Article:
I’ll remark here on a smidgen of Professor Smith’s new book. Since these casual remarks concern such a wee bit of the book, I want to first give some further impression of the book’s full range. Here is an overall glance of Ayn Rand’s Normative Ethics: The Virtuous Egoist from the jacket flap:
Far from representing the rejection of morality, selfishness, in Rand’s view, actually demands the practice of a systematic code of ethics. This book explains the fundamental virtues that Rand considers vital for a person to achieve his objective well-being: rationality, honesty, independence, justice, integrity, productiveness, and pride. Tracing Rand’s account of the naturalistic ground of value and the harmony of human beings’ rational interests, Tara Smith examines what each of these virtues consists in . . . . Along the way, she addresses the status of several conventional virtues within Rand’s theory, considering traits such as kindness, charity, generosity, temperance, courage, forgiveness, and humility.
Tara Smith writes that emotionalism consists of “allowing emotions to replace thoughts as the decisive grounds for one’s conclusions or actions” (71). This strikes me as an inexact definition of emotionalism. Thoughts are not decisive grounds; they are not grounds of a decision, strictly speaking. They are controlling operators on the grounds for a decision. Precised in this way, Smith’s definition of emotionalism should be that it is “allowing one’s emotions to replace thoughts as the controlling, deciding operators on the grounds for one’s conclusions or actions.” The grounds referred to here would be facts and explicit values.
Smith writes on the next page that “in a reasoning process, emotions cannot be substituted for facts because emotions are not tools of cognition.” This is another striking inexactness. Shouldn’t the phrase be “substituted for thought” rather than “substituted for facts”?
In her title essay For the New Intellectual (1961), Rand writes of (with a note acknowledging valuable inputs from Nathaniel Branden on these) two psychological archetypes: Attila and the Witch Doctor. Of the latter, Rand writes that “to the Witch Doctor, emotions are tools of cognition, and wishes take precedence over facts” (17). Don’t be a Witch Doctor. Rather, be “a man of reason,” be “dispassionately and intransigently fact-centered” for “it is upon the ability to think, upon his rational faculty, that man’s life depends” (Branden 1962, 136, in The Virtue of Selfishness).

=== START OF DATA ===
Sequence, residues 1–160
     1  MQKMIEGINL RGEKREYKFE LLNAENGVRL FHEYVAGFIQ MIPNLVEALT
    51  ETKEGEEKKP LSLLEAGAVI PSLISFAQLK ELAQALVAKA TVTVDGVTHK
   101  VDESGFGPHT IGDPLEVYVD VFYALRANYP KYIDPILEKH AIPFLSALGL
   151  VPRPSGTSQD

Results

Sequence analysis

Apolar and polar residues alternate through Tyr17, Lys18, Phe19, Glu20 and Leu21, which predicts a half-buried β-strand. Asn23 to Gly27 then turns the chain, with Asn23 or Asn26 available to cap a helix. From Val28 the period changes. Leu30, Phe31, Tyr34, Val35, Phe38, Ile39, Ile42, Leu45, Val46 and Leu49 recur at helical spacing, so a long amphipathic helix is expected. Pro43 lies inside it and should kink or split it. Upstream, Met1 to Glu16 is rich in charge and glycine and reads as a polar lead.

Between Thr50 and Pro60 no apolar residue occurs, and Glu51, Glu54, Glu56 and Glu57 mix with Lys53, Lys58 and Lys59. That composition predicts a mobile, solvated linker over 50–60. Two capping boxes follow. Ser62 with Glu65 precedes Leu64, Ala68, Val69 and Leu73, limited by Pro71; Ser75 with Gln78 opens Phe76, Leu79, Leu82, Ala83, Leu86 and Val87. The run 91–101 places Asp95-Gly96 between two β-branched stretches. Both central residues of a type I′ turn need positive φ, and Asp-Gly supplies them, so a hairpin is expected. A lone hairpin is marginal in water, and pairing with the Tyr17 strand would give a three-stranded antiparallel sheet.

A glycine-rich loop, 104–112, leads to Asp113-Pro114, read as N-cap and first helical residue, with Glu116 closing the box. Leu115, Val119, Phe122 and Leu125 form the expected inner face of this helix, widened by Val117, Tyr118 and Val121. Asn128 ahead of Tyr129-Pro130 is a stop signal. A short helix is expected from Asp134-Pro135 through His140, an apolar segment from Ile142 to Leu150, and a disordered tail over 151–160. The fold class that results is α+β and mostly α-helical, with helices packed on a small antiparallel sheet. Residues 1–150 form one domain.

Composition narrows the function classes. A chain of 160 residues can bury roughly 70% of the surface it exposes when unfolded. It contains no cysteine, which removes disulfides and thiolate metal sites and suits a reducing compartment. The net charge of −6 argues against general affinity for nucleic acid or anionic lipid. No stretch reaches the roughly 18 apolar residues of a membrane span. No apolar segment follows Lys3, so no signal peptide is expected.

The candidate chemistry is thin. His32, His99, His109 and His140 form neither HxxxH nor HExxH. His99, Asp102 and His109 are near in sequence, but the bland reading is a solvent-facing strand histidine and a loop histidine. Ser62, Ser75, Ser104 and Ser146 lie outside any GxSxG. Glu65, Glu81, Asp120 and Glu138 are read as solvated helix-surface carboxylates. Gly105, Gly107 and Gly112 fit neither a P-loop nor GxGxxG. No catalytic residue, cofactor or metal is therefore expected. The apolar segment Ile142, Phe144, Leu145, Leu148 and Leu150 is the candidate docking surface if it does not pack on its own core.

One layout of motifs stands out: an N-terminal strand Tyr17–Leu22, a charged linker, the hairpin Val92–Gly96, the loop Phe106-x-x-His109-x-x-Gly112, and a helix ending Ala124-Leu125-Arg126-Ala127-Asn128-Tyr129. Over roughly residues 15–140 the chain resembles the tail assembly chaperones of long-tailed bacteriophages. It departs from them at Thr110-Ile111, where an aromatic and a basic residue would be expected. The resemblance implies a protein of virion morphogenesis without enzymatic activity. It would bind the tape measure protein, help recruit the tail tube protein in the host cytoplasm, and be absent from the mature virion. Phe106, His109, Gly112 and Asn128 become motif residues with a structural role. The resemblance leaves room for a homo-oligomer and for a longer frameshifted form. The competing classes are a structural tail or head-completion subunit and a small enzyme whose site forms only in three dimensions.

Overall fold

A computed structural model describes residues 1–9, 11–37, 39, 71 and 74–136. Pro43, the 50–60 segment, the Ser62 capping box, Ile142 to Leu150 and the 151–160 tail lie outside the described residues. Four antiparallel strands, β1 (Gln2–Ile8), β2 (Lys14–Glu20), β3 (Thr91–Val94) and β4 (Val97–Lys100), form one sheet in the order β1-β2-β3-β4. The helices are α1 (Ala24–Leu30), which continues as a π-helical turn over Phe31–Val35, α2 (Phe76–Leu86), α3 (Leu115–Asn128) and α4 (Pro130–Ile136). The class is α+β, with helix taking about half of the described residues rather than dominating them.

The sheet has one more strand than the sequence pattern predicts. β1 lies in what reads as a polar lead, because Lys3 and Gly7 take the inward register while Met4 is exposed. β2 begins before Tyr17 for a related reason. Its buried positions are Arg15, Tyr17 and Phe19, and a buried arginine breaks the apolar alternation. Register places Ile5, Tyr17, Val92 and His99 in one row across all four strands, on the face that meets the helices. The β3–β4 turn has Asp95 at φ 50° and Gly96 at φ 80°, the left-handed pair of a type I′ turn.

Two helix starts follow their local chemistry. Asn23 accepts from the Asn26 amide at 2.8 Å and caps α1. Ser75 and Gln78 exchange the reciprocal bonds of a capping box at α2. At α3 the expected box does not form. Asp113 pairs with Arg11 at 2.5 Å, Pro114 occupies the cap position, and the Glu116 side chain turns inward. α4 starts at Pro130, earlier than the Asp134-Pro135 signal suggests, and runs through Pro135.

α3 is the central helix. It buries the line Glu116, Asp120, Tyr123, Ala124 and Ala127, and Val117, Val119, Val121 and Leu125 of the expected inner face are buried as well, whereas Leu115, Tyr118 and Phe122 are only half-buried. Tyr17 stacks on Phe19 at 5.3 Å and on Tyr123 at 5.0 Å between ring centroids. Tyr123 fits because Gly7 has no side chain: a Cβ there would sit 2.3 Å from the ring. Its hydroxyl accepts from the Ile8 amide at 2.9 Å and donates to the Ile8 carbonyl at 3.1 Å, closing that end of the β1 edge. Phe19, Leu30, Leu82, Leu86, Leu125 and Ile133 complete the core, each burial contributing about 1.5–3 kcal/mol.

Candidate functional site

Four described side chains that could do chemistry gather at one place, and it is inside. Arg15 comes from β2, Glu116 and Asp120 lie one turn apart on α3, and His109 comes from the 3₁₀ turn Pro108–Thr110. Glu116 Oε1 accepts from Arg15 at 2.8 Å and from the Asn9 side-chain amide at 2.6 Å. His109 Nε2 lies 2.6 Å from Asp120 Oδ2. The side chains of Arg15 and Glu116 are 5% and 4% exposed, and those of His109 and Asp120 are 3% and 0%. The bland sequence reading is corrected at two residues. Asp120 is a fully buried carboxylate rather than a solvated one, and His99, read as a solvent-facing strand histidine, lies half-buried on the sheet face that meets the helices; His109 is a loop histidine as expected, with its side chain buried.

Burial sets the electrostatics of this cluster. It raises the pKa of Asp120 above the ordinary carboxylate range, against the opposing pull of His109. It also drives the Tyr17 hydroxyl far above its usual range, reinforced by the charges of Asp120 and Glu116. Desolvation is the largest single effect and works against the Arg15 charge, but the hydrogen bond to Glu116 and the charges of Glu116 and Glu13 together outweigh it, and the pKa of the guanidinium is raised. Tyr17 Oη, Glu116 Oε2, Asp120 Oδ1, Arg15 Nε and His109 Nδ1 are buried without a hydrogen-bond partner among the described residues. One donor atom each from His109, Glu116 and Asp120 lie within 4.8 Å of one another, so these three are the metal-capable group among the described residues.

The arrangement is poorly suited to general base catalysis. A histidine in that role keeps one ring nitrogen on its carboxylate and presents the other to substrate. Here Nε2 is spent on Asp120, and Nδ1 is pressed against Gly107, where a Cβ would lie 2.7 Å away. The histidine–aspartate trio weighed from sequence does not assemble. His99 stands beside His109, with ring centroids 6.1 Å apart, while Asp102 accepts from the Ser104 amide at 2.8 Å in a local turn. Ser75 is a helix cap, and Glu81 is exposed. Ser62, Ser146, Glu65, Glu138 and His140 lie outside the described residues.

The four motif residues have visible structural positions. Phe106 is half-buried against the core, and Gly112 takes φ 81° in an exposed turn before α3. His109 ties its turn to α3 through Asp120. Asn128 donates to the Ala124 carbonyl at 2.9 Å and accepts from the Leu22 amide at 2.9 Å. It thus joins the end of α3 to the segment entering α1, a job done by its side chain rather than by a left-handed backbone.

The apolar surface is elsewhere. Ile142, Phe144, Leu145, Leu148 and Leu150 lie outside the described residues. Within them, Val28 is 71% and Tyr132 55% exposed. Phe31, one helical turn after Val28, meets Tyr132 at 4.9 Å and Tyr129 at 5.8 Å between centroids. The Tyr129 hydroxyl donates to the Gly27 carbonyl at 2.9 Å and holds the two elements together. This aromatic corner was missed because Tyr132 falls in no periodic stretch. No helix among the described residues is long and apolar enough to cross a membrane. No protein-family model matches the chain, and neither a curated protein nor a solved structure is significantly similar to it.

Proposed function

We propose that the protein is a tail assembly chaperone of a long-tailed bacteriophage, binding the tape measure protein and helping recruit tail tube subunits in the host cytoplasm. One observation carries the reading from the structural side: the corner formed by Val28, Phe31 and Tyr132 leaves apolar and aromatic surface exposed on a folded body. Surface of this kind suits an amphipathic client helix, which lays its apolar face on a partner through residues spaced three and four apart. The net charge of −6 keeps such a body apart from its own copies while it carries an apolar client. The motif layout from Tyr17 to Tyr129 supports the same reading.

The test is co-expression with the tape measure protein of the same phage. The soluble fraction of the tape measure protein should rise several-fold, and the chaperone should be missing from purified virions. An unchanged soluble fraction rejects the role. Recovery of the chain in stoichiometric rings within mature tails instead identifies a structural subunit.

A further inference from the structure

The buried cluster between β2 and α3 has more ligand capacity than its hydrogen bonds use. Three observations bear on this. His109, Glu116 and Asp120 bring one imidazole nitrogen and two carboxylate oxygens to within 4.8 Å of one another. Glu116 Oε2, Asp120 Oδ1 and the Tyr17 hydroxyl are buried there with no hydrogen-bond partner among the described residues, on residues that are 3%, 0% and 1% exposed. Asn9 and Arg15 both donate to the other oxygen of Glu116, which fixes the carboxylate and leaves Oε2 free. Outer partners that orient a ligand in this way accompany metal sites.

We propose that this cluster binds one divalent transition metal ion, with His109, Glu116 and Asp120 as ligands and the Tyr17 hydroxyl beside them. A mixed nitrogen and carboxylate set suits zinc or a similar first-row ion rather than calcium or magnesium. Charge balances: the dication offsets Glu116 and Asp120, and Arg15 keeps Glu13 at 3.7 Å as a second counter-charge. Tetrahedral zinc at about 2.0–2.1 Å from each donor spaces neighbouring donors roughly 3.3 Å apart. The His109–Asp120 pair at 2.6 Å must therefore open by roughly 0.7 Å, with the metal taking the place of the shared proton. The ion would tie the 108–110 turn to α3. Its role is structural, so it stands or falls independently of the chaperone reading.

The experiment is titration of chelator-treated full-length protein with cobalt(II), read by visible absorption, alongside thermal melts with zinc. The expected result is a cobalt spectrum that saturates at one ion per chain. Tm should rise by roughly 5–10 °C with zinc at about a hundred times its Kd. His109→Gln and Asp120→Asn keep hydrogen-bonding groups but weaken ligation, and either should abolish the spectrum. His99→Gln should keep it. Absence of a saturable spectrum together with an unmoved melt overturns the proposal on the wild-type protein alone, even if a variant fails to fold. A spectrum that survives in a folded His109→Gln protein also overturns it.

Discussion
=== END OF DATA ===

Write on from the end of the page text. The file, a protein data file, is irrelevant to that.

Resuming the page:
These two curiously inexact statements by Smith could be due in part to the sort of telescopic collapse we resort to in hasty expressions. Thought gets the collapse to fact. Controlling, decisive operator on grounds gets the collapse to decisive grounds.
I think there is another factor at work in Smith’s expressions. She is trying to be true here (pp. 70–73) to Rand’s (and Branden’s) opposition of emotions to facts. Such oppositions are explicable, in Rand’s text, as in Smith’s, as telescopic collapses in expression. But there is more. When Rand said, repeatedly, that emotions are not tools of cognition, she meant it one hundred percent. Emotions are not tools for reaching facts, they are not cognitive tools. This view was predominant in philosophy until the irrationalist waves in the 19th century and the advances of psychology in the 20th. Opposition of emotions to facts is a natural overstatement in stating a rational ethics.
Smith tempers this position. I find Smith inching back from the (early 60s) view of Rand. Smith comes round in her discussion to saying that one should not be “handing emotions the sole decision-making reins” (73). Whoa! Not for Rand. No reins in the hands of emotions. With Rand, as with Plato, all reins go to reason, the guardian of the house.
Well, there’s a smidgen. I should not leave without mentioning a significant paper in this area by Marsha Familaro Enright. It is titled “If ‘Emotions Are Not Tools of Cognition’, What Are They?” This paper is published in V4N1 of The Journal of Ayn Rand Studies (Fall 2002).